Make no mistake, however, the first thing you’ll notice about the new version of Pinball Dreams is its beauty, and that carries more than a significant advantage in several regards. For one thing, I never liked the way the original Steel Wheel table looked, and perhaps that’s why I never enjoyed playing it very much. Steel Wheel looks exponentially better to me in Pinball Dreams HD, and consequently I have found that it’s probably my new favorite table of the four.  I suspect that the brilliant, Retina Display enhanced 3D graphics would help curious gamers who can’t stomach Amiga circa 1992 graphics to approach Pinball Dreams with new interest and help them to focus on the gameplay rather than being distracted by the retro visuals.

In addition to the Western-themed Steel Wheel, there’s the sci-fi/space exploration table, Ignition, the music-based Beat Box, and the horror-themed Nightmare, which has been renamed Graveyard, as it was known in a few other ports. Each table being based on a certain well known genre lends their appearances to potential campiness, but the only one that really seems dated is Beat Box, with its old school rap, “Rock Da House” lettering and graffiti paintjob. It’s dated in a way that’s fun and colorful, however, and is quite entertaining to play. All the others look like bona-fide classics, and play just as well, with great somewhat simplified late-80s table designs.

That the tables are so attractive and use such classic themes really makes them feel familiar and approachable. The layout of the tables might seem a little sparse and dull at first, but the scoring mechanics are easy to grasp and the placement of ramps, bumpers and targets is natural and never clumsy or awkward, even if they can lead to a higher difficulty than some more densely populated tables. These tables reward skill over luck, and still manage to be exciting and addictive at the same time.

The sounds are unaltered from the original version, and still sound great. The evil laugh in Graveyard, the gunshot-clapping bumpers in Steel Wheel, the rocket blasting sounds in Ignition, and the chirpy “yo!”s of Beat Box all get me amped up and frequently put a smile on my face. The game also features some of the finest chiptunes this side of the 8-bit era.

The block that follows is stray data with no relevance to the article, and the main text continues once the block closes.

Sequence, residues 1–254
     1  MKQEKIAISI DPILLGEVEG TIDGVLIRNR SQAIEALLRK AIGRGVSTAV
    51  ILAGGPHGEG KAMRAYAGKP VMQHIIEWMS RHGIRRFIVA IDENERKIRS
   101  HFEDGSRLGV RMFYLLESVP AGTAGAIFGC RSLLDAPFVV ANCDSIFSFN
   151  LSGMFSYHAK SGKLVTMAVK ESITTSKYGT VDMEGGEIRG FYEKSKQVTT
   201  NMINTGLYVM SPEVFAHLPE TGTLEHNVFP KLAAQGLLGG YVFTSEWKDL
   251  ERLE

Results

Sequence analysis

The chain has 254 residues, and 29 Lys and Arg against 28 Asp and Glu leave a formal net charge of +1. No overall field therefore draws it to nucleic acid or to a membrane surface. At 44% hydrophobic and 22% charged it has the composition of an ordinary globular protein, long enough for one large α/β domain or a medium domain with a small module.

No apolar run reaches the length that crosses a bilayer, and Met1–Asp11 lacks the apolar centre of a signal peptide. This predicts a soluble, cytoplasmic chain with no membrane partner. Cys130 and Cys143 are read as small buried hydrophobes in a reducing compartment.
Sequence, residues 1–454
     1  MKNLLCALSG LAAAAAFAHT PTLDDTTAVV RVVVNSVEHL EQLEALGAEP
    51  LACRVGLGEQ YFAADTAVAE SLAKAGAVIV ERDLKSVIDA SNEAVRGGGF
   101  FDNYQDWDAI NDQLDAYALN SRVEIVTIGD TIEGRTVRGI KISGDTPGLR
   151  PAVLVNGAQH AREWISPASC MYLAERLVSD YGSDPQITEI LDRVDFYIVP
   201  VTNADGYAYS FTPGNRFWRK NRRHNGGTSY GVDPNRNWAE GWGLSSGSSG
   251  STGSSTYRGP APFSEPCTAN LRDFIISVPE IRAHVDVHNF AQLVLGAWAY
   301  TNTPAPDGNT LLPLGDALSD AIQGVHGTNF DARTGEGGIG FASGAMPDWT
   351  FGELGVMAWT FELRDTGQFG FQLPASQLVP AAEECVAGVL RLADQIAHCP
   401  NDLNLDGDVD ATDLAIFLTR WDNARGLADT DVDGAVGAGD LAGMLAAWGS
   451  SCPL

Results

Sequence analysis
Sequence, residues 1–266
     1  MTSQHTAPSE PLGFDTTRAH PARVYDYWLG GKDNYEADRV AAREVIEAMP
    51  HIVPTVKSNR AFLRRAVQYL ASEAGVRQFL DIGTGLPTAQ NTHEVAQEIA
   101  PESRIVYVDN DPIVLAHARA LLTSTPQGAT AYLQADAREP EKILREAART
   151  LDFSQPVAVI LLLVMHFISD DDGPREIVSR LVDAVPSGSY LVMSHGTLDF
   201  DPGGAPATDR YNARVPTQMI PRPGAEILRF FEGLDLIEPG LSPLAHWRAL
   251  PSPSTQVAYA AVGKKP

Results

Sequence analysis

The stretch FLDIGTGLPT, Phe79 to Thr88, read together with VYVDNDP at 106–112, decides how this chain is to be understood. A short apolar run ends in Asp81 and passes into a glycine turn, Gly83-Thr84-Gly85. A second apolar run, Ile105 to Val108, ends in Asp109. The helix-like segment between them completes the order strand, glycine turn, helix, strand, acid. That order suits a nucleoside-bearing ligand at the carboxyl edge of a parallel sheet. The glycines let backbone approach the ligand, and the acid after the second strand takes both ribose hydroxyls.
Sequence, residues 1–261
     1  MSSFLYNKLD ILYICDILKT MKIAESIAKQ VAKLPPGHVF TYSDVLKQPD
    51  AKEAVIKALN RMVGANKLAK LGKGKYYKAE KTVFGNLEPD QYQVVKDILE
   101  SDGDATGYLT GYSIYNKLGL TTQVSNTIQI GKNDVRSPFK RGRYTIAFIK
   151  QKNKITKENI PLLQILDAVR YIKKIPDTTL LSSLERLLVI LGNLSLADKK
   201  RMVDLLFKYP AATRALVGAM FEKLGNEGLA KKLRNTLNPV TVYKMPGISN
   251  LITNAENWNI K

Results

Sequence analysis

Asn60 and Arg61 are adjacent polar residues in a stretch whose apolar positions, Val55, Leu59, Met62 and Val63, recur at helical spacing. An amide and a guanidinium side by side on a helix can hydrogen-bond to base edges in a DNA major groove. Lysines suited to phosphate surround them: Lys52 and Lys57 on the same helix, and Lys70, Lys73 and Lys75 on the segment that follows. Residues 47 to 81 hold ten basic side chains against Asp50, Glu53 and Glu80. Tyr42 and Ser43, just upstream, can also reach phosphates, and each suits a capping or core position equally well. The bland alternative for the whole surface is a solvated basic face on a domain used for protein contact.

I would have liked more camera angles available, as I greatly prefer a full, static view of a pinball table, but both of the camera options provided here are pretty good and don’t distract me too much from the game.  I do think that I could get better scores if I could see the full tables, however, which helps me to predict the angles at which the ball approaches a flipper.  The landscape camera view is almost perfect though, with a small amount of vertical scrolling, and a really good viewing angle on the table.  The portrait view is somewhat uncomfortable for me, as it follows the ball a bit too closely for my liking, but it’s not unplayable in that position either.

In addition to supporting the Retina Display on newer devices, Pinball Dreams HD also has integrated multi-tasking, (although there is no resume feature if you forcibly close the app from the multi-tasking menu or reboot your device), and Game Center leaderboards as well, which means you can challenge your friends for pinball supremacy, which is of course oh-so-important. There are currently no achievements integrated in the game, but it’s universal, which means you’ll get to enjoy it natively on all your iOS devices for the price of one download.

iFanzine Verdict: Pinball Dreams HD is a true classic remade and reinvigorated. Its four classic tables look and play better than ever, and faithful fans from the Amiga days and new pinball wizards-in-training alike will enjoy its crisp visuals, great design, well-balanced physics and fun to learn scoring mechanics for many hours.  It’s one of the very best pinball apps available for the iPhone and iPad, and highly recommended.

[xrr rating=4.5/5]